In 2017, a special team was appointed to work on surface exploration. The objective of the team has been to ground truth the Teotihuacan Valley, to search and verify each of the data sets recorded on the LiDAR map of 2015. The team has concentrated on walking surveys, taking samples of the materials visible on the surface and verify the accuracy of the LiDAR map, to distinguish between what may be ancient and modern elements. Establishing relationships with local communities has been essential to understand how the modern areas of occupation have formed.

The surface survey has two teams, one that works in the laboratory and one that works in the field.. First, members of the team analyze the LiDAR map to detect possible ancient features and  name them as potential elements in the laboratory. The potential elements include features such as depressions, mounds,  plazas, structures, or terraces. Second, members of the team are responsible for verifying the potential elements in the field, a survey method known as ground truthing. With the help of geographical positioning devices (GPS), the team go to the precisely marked geographic coordinates on the map to collect materials and samples on the surface and record the areas. The members of the team cross compare the material in the field with the map, to infer ancient vs. modern occupancy.

In this case, a specific area is delimited, collecting ceramic fragments, obsidian, clay figurines and polished stones such as metates and manos. Furthermore, a detailed record of the elements, on the present vegetation, the current land use, and the presence of other materials are taken carefully. Everything that is collected is labeled and taken to the laboratory, where it is cleaned, washed, and marked by specialists. Ceramics and lithics specialists analyze and prepare materials and samples for preservation.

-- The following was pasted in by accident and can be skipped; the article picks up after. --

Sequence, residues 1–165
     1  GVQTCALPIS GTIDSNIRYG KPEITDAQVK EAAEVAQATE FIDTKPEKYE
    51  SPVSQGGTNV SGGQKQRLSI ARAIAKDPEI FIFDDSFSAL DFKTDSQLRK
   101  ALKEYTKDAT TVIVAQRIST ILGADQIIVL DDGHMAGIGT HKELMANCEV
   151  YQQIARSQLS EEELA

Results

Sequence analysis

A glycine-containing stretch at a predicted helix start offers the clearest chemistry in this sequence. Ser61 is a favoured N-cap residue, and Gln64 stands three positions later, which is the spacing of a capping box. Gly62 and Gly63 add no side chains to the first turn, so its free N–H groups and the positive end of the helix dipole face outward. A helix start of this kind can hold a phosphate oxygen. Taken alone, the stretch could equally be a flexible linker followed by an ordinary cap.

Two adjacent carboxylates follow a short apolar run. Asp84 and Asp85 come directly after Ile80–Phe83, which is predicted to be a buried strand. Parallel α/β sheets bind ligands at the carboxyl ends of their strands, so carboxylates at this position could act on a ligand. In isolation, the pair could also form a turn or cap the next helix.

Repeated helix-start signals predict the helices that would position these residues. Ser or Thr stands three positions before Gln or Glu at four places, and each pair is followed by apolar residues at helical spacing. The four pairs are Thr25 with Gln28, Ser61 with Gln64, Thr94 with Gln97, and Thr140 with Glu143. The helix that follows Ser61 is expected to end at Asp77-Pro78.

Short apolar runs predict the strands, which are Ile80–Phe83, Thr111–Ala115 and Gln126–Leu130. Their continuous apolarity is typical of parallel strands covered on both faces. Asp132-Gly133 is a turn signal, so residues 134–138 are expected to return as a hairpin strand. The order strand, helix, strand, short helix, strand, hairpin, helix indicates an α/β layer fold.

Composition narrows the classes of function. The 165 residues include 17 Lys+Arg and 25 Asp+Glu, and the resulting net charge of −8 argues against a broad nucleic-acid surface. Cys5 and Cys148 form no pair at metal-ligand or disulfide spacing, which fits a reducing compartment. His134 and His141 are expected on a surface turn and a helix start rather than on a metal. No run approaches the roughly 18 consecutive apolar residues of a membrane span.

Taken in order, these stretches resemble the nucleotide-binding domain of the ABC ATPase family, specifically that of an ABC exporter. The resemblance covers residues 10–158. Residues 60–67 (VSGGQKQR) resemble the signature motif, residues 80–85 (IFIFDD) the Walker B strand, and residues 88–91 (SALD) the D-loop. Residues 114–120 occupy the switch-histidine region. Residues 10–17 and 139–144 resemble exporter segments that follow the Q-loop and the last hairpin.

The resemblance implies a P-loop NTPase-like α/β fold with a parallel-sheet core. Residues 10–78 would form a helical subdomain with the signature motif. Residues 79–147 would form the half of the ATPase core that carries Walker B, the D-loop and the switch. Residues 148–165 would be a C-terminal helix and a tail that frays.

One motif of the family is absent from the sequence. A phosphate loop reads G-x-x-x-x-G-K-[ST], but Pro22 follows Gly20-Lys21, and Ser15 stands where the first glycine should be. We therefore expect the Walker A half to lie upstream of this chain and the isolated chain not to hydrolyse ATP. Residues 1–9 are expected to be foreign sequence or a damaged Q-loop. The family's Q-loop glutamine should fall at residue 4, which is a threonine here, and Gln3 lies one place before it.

Teotihuacan Valley: collecting cultural materials.

This type of work carried out in the Teotihuacan Valley would not be possible without the support of the local communities, they are the ones that give us permission to walk on their fields, agricultural lands, “ejidos” and other properties. Communication is vital, as we are all united in the effort to preserve and study cultural heritage and history. In addition to the permits, provided by the government, to carry out the research. Local communities and residents provide personal knowledge about their land; narrating stories about past and changes that have occurred recently, and/or the old names of some places (such as the different hills that surround the valley). Communicating with local communities and residents provided us with information beyond the digital maps alone. We thank the following communities and residents for their unconditional support of our research:

  • Atlatongo (Palomar)
  • Barrio de Purificación
  • Belén
  • Cozotlán
  • Cuautlazingo
  • El Saltito
  • Ixtlahuaca
  • Maquixco
  • Oxtotipac
  • San Agustín Actipac
  • San Antonio de las Palmas
  • San Francisco Mazapa
  • San Isidro
  • San Lorenzo Tlalmimilolpan
  • San Lucas Tepango
  • San Pedro Tepetitlán
  • San Sebastián Xolalpan
  • Santa María Palapa
  • Santiago Tolman
  • Santiago Tepetitlán
  • Tlachinolpa
  • Tlajinga
  • Xometla

Furthermore, we want to thank the municipalities (Acolman, San Martín de las Pirámides, Teotihuacan de Arista, and Otumba), “Reino Animal” Conservation Center, and the Texcoco Delegation of the Secretary of Environment of the State of Mexico. We thank you for the attention you have given, the collaborative effort in understanding the history of the area,  the permission to grant permits, and ongoing support for this research project.